The Vasundhara Raje-led government in Rajasthan has taken the lead in bringing about dramatic changes to Central labour laws, which reformists have long argued are holding back job creation in the country. Labour laws form part of the Concurrent List and the Union government has often claimed pre-eminence in allowing amendments proposed by states to the legislations framed by the Centre.
The Raje Cabinet on Thursday cleared state-level amendments to three critical and archaic Central government labour legislations — the Industrial Disputes Act, Contract Labour Act and the Factories Act — seeking to liberate the corporate sector from the shackles of stringent requirements of the laws. The related Bills will be introduced in the Assembly early next month and then referred to the President for his assent.
When contacted, Raje said, “I had promised 15 lakh jobs and this is one area which desperately needs to be opened up. I don’t have a choice.” Describing it as “creating a habitat for job creation”, she said she would try to find innovative ways to further reforms.
“Policy-level changes require political will. For decades, everybody has advocated an overhaul of labour laws. What we did will change the paradigm,” Rajiv Mehrishi, Chief Secretary, Rajasthan, told The Sunday Express.
According to the changes in the Industrial Disputes Act, government permission will not be required for retrenchment of up to 300 workers. The Act, as it stands now, allows retrenchment of up to only 100 workers. The Rajasthan Cabinet has also introduced a three-year time limit for raising disputes and increased the percentage of workers needed for registration as a representative union from 15 per cent to 30 per cent. In the context of politicisation of trade unions, this raises the bar.
As far as the Contract Labour Act is concerned, the amendments raise the applicability of the Act to companies with more than 50 workers from the current 20. In the Factories Act, currently applicable to premises with more than 10 workers with power and 20 without power, the amendments raise these numbers to 20 and 40, respectively.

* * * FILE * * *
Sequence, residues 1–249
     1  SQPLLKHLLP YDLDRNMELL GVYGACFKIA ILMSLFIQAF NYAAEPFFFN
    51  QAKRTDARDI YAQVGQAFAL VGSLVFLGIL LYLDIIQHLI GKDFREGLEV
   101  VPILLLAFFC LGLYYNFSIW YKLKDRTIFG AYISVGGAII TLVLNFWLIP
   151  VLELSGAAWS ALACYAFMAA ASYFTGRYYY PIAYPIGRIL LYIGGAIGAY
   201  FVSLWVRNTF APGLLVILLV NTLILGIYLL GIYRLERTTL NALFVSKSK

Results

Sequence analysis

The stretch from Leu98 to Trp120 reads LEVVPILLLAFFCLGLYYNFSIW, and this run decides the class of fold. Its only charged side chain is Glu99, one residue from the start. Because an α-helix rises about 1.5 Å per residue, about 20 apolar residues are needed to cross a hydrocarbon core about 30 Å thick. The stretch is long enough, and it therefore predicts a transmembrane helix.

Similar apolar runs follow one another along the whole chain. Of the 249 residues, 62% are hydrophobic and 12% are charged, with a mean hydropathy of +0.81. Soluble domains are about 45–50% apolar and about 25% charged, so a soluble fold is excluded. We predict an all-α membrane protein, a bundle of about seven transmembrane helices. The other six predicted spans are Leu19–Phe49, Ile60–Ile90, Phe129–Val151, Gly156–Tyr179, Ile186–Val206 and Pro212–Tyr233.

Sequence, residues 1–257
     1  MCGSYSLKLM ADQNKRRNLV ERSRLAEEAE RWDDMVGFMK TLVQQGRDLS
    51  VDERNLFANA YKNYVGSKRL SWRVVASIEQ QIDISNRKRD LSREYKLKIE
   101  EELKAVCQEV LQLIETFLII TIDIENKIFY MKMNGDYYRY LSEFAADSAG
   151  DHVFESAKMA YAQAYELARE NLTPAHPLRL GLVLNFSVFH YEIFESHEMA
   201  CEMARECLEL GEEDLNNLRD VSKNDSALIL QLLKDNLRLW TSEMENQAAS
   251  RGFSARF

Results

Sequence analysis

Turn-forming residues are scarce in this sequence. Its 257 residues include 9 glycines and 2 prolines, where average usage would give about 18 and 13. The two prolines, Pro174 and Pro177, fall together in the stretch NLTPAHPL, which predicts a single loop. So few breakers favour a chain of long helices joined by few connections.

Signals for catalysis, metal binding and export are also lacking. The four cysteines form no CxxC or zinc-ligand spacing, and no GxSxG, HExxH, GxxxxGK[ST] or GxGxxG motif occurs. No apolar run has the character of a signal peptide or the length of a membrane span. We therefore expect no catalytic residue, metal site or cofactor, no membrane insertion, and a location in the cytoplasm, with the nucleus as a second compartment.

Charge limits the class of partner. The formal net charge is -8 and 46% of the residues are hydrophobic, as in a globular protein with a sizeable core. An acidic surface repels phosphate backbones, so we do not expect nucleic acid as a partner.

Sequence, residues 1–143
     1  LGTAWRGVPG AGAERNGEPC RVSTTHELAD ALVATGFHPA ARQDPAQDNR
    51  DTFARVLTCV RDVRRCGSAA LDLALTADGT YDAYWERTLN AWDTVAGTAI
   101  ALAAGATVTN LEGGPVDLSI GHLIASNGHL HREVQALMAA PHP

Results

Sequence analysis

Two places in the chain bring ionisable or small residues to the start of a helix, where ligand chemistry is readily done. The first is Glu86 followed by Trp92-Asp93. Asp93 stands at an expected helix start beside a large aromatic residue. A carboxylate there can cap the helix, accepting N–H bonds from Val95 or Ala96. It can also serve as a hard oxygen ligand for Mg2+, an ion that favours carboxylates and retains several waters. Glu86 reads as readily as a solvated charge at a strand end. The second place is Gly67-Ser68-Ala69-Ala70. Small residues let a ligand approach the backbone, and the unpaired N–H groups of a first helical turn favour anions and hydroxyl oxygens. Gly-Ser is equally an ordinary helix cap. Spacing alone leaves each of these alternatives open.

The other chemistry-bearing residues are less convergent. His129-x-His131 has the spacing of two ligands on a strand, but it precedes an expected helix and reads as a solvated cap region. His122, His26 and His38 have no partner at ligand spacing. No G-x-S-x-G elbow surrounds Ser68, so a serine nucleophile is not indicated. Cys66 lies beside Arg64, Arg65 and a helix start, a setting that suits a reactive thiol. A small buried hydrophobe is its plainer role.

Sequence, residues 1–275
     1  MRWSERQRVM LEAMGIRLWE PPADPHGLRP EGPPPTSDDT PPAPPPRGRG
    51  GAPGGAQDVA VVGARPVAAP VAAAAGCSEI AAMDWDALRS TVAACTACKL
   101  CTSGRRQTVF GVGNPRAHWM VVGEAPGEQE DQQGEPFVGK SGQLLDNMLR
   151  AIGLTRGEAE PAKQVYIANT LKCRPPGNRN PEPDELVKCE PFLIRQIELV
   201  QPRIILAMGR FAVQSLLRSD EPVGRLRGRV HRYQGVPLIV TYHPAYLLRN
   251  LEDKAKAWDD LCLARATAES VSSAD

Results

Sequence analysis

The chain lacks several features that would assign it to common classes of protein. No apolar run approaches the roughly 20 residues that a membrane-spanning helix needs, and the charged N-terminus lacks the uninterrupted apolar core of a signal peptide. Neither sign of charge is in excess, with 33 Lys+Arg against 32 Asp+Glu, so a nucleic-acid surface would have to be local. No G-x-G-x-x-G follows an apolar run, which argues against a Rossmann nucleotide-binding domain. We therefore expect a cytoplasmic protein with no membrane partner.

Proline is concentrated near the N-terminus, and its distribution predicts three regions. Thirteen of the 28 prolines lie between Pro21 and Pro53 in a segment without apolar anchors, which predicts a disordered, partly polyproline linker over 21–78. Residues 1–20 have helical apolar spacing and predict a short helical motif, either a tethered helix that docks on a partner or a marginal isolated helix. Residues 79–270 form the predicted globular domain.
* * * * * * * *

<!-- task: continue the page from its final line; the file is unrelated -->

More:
Senior BJP leader and former disinvestment minister Arun Shourie had recently said that should Narendra Modi become the Prime Minister, he could bring about genuine federalism by allowing more progressive states to change their laws. When contacted, Shourie said Section 254 (2) of the Constitution of India allows states to enact laws that do not necessarily conform to the Central law provided they receive the President’s assent.
“As Gujarat Chief Minister, Modi has himself complained in the past that the Central government was sitting on many of the changes proposed by his state,” said Shourie. “Such changes to laws can be brought about in a variety of issues and this will ‘unfreeze’ policy environment,” he added.
In the past, Modi has accused the Centre of adopting a policy of “coercive federalism” and pushing states to a subordinate position by monopolising all powers of financial allocations, reducing even the constitutional rights of states. Rajasthan’s bid to reform labour laws will be a test case for the Centre and will set the direction for all 29 states which plan to bring about progressive changes to issues that are part of the concurrent list.
When asked if having the same political party at the Centre would help Rajasthan in obtaining the President’s assent, Mehrishi said, “The Central government is equally keen to create jobs. All industry associations have been saying for decades that labour law changes are a must for creating more employment opportunities.”
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